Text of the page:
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Freelance-onomics 101: Bosses are for suckers

James Braly

TEXT OF COMMENTARY

MARK AUSTIN THOMAS: Just because you can afford an apartment in Manhattan doesn't mean you can actually buy it. The final decision often rests with the building's Board of Directors. You have to prove your fiscal worthiness, something that's hard to do if you don't have a permanent job. James Braly is a freelance speechwriter. He makes a pretty good living, but on paper he looks like a pauper. He shares his experience of how he convinced the board of a luxury co-op to let him in the door.


JAMES BRALY:"I know you're concerned about my job security," I say to the building's board of directors as I begin my defense of my purchase application. "But a permanent job, with a regular paycheck, working for somebody else? In today's economy, that's really quite risky."

"Risky?" asks the tycoon's wife, her disdainful eyes strangely incongruous above her lovely, placid cheeks. Evidently the plastic surgeon cut her facial muscles. "How is a job risky?"

"Someone with a boss," I say, "must answer to that one person, who could end their career, destroy their lifestyle, on a whim. Tomorrow."

"Interesting," says the real estate developer.

"But in my case," I continue, "as a freelancer, I have many clients who represent three levels of demand: A, B, or C." Demand being one of those words, like widget, that tells a businessperson, 'I speak your language.'

Then I pass out a chart that presents this argument as a kind of Food Pyramid: a foundation of many C Clients, fruits and vegetables; a solid middle section of B Clients, the meat and potatoes; and up at the top, a few choice A Clients, the nuts and sweets.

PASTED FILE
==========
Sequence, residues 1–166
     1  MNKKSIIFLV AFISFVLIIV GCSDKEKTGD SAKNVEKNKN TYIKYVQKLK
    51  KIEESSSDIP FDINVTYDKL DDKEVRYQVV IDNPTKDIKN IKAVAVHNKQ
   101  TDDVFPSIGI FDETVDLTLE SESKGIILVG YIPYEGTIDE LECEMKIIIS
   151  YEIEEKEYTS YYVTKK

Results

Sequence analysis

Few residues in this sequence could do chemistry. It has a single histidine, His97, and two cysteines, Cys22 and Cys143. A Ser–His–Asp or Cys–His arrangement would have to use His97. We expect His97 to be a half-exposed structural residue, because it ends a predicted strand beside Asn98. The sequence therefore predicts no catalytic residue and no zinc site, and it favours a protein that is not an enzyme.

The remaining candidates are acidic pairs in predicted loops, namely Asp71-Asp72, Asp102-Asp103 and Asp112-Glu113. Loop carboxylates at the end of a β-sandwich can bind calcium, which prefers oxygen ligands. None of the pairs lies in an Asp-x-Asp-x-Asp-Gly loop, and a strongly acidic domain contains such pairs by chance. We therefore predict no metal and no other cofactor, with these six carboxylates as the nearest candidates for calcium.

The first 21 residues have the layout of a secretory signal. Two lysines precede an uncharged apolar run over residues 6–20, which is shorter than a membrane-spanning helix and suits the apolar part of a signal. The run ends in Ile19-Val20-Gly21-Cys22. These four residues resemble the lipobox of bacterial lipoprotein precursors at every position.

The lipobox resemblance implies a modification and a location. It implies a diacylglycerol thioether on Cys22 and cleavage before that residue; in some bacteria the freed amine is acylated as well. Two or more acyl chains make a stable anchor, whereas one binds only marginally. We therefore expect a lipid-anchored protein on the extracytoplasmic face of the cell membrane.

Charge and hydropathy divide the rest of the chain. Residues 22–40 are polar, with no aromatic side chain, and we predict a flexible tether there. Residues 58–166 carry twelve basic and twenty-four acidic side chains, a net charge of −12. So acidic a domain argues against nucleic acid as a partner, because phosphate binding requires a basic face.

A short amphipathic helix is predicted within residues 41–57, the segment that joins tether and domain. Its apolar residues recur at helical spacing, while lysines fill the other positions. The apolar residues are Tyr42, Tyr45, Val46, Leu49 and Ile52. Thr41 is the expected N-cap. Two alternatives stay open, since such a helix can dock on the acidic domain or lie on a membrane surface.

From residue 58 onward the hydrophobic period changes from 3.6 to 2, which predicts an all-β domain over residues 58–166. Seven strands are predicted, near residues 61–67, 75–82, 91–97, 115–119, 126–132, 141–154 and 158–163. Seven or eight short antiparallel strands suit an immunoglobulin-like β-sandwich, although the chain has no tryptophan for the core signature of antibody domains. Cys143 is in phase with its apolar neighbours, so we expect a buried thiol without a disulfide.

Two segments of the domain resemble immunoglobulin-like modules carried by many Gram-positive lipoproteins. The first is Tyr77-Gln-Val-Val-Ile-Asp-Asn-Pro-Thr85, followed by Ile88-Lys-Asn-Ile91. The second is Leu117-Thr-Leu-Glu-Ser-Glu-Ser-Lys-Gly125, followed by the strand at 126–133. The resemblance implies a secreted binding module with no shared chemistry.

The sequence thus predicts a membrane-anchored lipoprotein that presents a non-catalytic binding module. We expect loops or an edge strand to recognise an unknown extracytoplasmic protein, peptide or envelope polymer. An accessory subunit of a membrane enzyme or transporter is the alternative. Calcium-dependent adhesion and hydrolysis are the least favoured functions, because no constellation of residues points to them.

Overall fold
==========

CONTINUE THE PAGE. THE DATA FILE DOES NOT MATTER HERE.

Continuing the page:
Of the A Clients, I say, "I never let one control more than 10 percent of my income," neglecting to add that they never give me more than 10 percent of my income. "At each level, if one relationship sours, I replace it with another from the level below. It's like a balanced portfolio of occupational risk. Really, I can't imagine being in a position where one person could end my career."

There's a moment of awkward silence as the board considers my argument.

Then the corporate lawyer starts laughing, nervously. "I hope your boss likes you," he jokes to the board president, whose company is owned by a multinational corporation.

"I hope so too," says the president, dryly, thinking perhaps of his chairman.

As is the tycoon's wife. "I'll have to show this to my husband," she says.

Whereupon they shake my hand and instruct me to call the building tomorrow for their decision.

But there's really no suspense. I can see in their eyes that instead of being afraid of my precarious financial situation, they're now afraid of theirs.

It's the least I could do for my new neighbors.

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